With the recent conclusion of New York Fashion Week, designers will be negotiating deals with stores and retailers. Typically, retailers have a strong bargaining chip when forming partnerships with designers. Designers, big or small, have almost no negotiating power if they want to enter into a vendor agreement with retailers/stores. This is applicable to others in the creative field – jewelry designers, artists, sculptors etc.
When dealing with retialers and to protect their interests, business owners should have a system in place to account for the potential risks involved in fulfilling their obligations under the agreement.
A current client, Supreme, Inc. (name changed for confidentiality purposes), that is a jewelry design house and manufacturer in New York regularly enters into vendor agreements with big retail stores like Zales and Kay Jewelers. The first time I reviewed a vendor agreement given to Supreme by a big retail store, I made substantial changes to the terms. But they were all rejected by the retailer’s counsel and my client informed me that they were going to sign the agreement anyway because it was a big account.
A few months later, the retail store terminated the agreement with Supreme, returned all of their unsold products, and refused to pay outstanding dues. The reason was that another designer had made claims to the retail store that my client had copied his jewelry designs. Even though Supreme had created their jewelry designs, they had not registered them with the Copyright Office. Eventually, Supreme had to make an out of court settlement with the designer to avoid further legal trouble.
So the next time that Supreme was entering into a similar agreement with another retail store, I came up with a plan to ensure that the business was protected from inherent risks.
One of the first things we did was to get a good commercial liability insurance plan which covered the business for potential loss, damage, theft, and infringement claims. I registered Supreme’s brand that was being sold to the retailer as a trademark to prevent someone else from using the same name. Supreme’s jewelry designs themselves had to be protected so that no one could copy them. So I obtained copyright registrations for all of the designs that were created by my client. I advised my client to maintain all sketches, rendering, drawings etc. of jewelry designs that they create.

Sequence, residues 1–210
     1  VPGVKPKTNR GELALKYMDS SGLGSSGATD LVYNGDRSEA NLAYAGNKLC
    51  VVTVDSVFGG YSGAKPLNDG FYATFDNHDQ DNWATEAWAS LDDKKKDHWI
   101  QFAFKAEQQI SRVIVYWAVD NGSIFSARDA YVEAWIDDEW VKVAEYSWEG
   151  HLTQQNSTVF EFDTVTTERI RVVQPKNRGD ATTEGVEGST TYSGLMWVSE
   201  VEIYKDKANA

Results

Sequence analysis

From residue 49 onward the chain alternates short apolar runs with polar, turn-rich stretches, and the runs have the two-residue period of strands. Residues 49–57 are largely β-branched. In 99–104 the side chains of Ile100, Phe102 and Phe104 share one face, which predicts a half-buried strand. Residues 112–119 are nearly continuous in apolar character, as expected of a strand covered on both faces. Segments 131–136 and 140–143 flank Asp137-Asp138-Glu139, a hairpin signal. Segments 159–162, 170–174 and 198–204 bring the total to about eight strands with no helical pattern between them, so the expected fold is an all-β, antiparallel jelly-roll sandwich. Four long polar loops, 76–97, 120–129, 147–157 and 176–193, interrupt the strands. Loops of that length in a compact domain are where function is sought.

These are just some of the precautions you can take and systems you can adopt to protect your business. Every business is different and has unique needs. There are no cookie cutter approaches to resolving legal issues that come up in business transactions.
Are you a designer or creative entrepreneur or a business owner dealing with overbearing stores or retailers? If you are entering into an agreement without having the power to negotiate the terms, make sure you have a system in place to insure your business from contingencies. We will help you determine the unique legal needs specifically for your business. Trust me, taking the time and resources to design a process for your business now will save you money and trouble later on.
We will design a systematic process for you to implement for your business. Please reach out to us and we will take the time to understand your business needs and develop a customized plan to protect your business.
Call us at 646-820-1366 or email us at firstname.lastname@example.org. I am happy to have a complimentary conversation with you on what you need so you can avoid potential pitfalls when dealing with stores, retailers, manufacturers, vendors, and clients.
Working with an attorney to lay out a plan can help avoid trouble later on in your business. Nupur Shah Law can help you if you have questions regarding your rights as a business owner.